Natural Resources, School of


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Becker, S.M.; Franz, T.E.; Morris, T.C.; Mullins, B. Field Testing of Gamma-Spectroscopy Method for SoilWater Content Estimation in an Agricultural Field. Sensors 2024, 24, 2223. s24072223


Open access.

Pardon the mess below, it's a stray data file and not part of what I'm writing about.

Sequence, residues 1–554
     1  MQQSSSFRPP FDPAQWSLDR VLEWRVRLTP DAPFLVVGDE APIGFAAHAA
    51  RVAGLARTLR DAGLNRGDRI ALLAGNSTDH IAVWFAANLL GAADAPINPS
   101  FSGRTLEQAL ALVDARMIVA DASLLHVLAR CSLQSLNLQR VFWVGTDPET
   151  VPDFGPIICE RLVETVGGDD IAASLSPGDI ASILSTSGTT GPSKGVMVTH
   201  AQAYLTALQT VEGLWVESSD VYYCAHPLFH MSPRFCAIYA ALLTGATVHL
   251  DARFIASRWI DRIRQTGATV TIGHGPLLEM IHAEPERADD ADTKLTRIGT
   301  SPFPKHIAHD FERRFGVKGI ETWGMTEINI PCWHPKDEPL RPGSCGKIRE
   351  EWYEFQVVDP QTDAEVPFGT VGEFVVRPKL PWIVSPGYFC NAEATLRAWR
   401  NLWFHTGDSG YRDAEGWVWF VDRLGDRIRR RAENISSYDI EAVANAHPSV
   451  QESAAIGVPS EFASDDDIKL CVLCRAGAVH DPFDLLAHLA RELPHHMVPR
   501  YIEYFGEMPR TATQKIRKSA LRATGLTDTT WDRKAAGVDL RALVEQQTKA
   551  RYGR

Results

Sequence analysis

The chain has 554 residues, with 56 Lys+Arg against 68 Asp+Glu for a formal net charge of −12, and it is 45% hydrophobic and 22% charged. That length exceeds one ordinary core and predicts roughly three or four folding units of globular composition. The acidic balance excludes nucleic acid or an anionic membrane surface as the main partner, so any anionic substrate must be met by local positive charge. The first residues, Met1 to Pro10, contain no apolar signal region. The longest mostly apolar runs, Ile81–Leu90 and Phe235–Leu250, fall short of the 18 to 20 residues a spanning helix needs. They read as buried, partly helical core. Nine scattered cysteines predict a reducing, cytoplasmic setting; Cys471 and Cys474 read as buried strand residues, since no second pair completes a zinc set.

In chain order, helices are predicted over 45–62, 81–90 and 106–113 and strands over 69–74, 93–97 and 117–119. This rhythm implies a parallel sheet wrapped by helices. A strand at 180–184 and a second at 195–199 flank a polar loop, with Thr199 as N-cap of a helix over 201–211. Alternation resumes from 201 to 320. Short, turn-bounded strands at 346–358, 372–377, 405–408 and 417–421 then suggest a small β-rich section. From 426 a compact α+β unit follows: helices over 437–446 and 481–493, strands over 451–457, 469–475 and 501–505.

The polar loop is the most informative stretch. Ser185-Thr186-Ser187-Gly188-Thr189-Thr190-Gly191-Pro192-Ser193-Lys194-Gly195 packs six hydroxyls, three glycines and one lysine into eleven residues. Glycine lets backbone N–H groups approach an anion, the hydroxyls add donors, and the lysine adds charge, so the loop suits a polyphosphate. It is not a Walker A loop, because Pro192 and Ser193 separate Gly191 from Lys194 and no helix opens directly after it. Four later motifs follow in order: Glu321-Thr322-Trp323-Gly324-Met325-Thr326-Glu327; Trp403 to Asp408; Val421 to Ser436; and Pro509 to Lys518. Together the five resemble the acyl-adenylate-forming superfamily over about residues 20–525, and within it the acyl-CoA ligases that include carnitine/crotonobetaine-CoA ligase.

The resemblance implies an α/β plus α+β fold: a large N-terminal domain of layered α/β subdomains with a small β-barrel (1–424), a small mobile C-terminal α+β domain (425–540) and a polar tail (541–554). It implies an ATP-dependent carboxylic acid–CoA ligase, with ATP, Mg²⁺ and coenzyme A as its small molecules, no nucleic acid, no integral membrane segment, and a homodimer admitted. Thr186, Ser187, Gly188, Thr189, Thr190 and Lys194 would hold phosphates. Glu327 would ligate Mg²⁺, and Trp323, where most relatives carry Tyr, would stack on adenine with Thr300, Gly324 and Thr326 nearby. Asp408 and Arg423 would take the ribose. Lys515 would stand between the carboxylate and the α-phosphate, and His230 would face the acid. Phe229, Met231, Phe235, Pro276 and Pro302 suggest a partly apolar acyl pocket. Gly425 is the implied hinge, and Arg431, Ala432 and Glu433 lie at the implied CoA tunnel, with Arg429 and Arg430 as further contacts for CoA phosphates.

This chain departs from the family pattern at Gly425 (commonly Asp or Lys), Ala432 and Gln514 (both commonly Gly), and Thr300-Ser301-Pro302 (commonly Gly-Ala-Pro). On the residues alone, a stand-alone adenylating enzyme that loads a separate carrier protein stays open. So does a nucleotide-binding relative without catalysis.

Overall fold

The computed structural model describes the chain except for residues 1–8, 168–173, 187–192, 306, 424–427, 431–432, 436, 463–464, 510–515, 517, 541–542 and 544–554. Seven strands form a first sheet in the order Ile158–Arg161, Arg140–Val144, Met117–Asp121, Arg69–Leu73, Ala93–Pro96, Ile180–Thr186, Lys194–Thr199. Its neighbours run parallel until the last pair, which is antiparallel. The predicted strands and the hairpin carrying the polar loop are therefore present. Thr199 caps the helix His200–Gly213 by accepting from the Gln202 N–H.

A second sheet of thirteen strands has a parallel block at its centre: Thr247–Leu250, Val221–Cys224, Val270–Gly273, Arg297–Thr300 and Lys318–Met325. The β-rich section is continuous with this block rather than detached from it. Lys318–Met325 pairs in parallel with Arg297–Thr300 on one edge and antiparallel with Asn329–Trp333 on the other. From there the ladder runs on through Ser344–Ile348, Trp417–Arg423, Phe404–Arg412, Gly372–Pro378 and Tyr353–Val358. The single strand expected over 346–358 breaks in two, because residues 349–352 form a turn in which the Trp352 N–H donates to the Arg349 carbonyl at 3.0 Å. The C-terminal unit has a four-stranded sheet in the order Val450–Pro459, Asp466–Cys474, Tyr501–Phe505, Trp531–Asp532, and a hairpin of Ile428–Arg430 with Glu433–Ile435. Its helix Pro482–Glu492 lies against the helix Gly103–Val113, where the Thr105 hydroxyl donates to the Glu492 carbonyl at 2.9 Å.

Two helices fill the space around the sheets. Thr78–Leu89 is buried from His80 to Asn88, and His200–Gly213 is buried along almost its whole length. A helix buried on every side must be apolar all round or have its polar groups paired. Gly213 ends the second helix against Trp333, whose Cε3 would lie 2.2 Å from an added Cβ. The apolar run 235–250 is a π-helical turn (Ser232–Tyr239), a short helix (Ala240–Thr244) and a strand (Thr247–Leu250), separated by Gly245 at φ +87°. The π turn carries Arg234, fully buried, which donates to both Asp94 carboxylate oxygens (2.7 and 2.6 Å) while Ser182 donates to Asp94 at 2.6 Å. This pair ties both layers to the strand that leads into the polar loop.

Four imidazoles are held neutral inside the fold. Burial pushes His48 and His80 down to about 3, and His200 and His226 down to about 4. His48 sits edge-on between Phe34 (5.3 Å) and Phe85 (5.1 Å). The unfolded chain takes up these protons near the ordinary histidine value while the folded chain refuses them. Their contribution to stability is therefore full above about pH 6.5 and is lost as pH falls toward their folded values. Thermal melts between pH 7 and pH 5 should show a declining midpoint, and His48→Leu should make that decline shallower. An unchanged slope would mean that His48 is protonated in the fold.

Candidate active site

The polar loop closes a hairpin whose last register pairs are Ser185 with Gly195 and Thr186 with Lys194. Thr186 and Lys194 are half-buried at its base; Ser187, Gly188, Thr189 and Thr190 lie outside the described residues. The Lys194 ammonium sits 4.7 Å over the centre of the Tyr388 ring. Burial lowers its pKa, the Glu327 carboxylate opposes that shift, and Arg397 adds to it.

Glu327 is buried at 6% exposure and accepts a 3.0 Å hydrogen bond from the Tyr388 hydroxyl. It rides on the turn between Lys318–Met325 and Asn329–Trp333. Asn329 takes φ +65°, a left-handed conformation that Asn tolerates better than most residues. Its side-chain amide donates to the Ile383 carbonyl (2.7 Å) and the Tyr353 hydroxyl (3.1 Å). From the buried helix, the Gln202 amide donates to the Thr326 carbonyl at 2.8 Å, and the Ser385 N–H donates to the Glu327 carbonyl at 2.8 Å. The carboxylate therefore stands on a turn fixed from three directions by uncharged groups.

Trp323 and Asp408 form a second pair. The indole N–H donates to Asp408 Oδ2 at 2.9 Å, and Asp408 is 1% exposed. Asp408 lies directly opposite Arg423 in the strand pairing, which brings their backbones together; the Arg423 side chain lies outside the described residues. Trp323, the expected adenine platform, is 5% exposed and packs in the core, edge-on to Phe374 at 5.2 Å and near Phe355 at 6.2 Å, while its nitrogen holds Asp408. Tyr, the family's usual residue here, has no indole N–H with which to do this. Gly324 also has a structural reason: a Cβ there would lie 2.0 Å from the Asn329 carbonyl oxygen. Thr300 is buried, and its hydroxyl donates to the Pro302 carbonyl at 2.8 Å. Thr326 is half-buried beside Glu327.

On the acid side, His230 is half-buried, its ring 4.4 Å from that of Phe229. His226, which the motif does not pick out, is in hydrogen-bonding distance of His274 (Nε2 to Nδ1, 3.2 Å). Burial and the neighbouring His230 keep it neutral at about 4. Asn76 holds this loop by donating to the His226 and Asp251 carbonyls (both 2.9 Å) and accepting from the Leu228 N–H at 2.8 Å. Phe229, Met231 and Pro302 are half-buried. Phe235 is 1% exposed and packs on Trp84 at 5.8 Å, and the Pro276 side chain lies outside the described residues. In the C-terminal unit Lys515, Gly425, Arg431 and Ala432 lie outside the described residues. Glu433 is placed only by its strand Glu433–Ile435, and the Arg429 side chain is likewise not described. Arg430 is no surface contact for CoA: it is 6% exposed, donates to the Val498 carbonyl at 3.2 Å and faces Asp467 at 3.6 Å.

Gamma-ray spectroscopy (GRS) enables continuous estimation of soil water content (SWC) at the subfield scale with a noninvasive sensor. Hydrological applications, including hyper-resolution land surface models and precision agricultural decision making, could benefit greatly from such SWC information, but a gap exists between established theory and accurate estimation of SWC from GRS in the field. In response, we conducted a robust three-year field validation study at a wellinstrumented agricultural site in Nebraska, United States. The study involved 27 gravimetric water content sampling campaigns in maize and soybean and 40K specific activity (Bq kg−1) measurements from a stationary GRS sensor. Our analysis showed that the current method for biomass water content correction is appropriate for our maize and soybean field but that the ratio of soil mass attenuation to water mass attenuation used in the theoretical equation must be adjusted to satisfactorily describe the field data. We propose a calibration equation with two free parameters: the theoretical 40K intensity in dry soil and a, which creates an “effective” mass attenuation ratio. Based on statistical analyses of our data set, we recommend calibrating the GRS sensor for SWC estimation using 10 profiles within the footprint and 5 calibration sampling campaigns to achieve a cross-validation root mean square error below 0.035 g g−1.